A Serbian Orthodox priest in Nashville is trying to stop the deportation of himself and his family that is happening because his lawyer allegedly failed to update his green card application on time.
Father Aleksandar Vujkovic is the parish priest of the St. Petka Serbian Orthodox Church in the Germantown-Salemtown community of Nashville. He and his wife and their three young children — born in America — are facing deportation by Aug. 16.
The family will leave for Serbia unless President Donald Trump intervenes, Robert Blagojevich, president of the church’s board of directors, told The Tennessee Star. The priest’s supporters from around the United States are engaging in a campaign to draw the president’s attention.
Vujkovic is a law-abiding person and will not hide illegally, Blagojevich said. In Serbia, he will reapply to return to America.
Following the law is important to the St. Petka congregation, Blagojevich said. The church was formed in the early 2000s by members of the Serbian Orthodox Church, mainly Serbian and Bosnian refugees from that nation’s war. They also have Russian members who are here legally, as well as Greeks and American converts. Many also are second-generation Americans whose parents emigrated to the United States after World War II.
The process is frustrating given the number of illegal aliens who are allowed to stay, Blagojevich said.
“All the people in our church are proud to be American,” Blagojevich said. “They legally followed the process and got citizenship. We are proud voters and have similar Christian values.”
Vujkovic is the church’s first full-time priest, having taken the post in 2014. He helped the congregation renovate the former black Baptist church which is nearly a century old and turn it into a traditional Orthodox church.
His supporters have tried for months to help the priest, Blagojevich said. He contacted U.S. Sens. Marsha Blackburn’s and Lamar Alexander’s offices as well as U.S. Rep. Jim Cooper’s. They all returned the calls and said there is little they can do as they cannot interfere with the immigration process. However, Blackburn’s office has kept the parish up to date.
They have supporters in many places, including Illinois where Blagojevich grew up. Saint Basil of Ostrog Serbian Orthodox Church in Illinois posted a letter on Facebook that is circulating asking people to write to the president. The letter is available here.
Vujkovic came to America in 2009 to attend an Orthodox seminary in Illinois and in 2013 married his wife, Tamara, according to the letter. He was assigned to the Nashville parish and had a U.S. religious worker’s visa. The couple had three children.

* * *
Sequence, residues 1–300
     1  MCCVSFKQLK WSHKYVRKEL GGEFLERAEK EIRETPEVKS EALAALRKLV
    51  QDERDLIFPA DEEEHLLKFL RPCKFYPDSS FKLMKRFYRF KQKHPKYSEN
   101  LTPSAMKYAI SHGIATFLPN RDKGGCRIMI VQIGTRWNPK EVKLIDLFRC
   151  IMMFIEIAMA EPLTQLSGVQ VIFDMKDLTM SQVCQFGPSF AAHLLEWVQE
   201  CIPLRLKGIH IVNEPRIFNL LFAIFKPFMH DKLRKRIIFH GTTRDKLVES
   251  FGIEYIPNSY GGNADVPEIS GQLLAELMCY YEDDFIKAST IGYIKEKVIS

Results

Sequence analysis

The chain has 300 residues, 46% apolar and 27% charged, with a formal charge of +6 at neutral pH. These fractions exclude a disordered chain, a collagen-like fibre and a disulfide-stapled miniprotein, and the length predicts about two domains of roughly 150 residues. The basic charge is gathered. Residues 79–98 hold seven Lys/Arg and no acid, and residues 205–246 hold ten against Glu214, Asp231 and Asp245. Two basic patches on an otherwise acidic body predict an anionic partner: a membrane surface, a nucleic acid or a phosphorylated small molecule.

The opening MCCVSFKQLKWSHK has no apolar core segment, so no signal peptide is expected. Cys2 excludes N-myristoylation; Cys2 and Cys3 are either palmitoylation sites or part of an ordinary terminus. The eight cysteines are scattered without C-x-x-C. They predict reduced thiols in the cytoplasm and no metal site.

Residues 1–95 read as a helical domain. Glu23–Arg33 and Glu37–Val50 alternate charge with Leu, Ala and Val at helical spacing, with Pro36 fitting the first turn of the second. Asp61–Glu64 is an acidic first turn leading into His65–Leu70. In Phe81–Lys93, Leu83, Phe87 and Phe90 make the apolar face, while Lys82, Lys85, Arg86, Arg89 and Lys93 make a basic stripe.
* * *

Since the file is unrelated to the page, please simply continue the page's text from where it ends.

The couple had applied for green cards while the religious worker’s visa was valid, the letter said. Their attorney forgot to submit a re-application, the letter said, and the worker’s visa expired.
Father Aleksandar was legally in the United States because he and his wife were in the process for a green card, but during that process Father found out that he was not legal to work because his religious worker visa expired and therefore did not have work authorization for a period of time because his immigration attorney had forgotten to reapply for the religious worker visa and include it with the green card application. The attorney said that it was his oversight and tried to correct his error to no avail. During this gap time, caused exclusively by the attorney’s oversight, Father Aleksandar did not have authorization to work. During all his years working in the US, Father Aleksandar never failed to pay taxes. The attorney applied for a retroactive R1 visa to try to fix that gap but the USCIS denied application for green card on February 17, 2020 based on that gap of time without an active religious workers visa.
The attorney was remorseful and tried to help but did not succeed, Blagojevich said. A couple of other immigration attorneys were contacted but said they could not help.
Serbia is experiencing turmoil over COVID-19 shutdowns and its parliament was stormed by protesters, Blagojevich said.
If Vujkovic does leave, the church has found a priest to serve for several months until a long-term replacement can be found, Blagojevich said. But they would miss their priest, and they are suffering financially and emotionally from the virus shutdowns.
“It is affecting the morale of our church,” he said.
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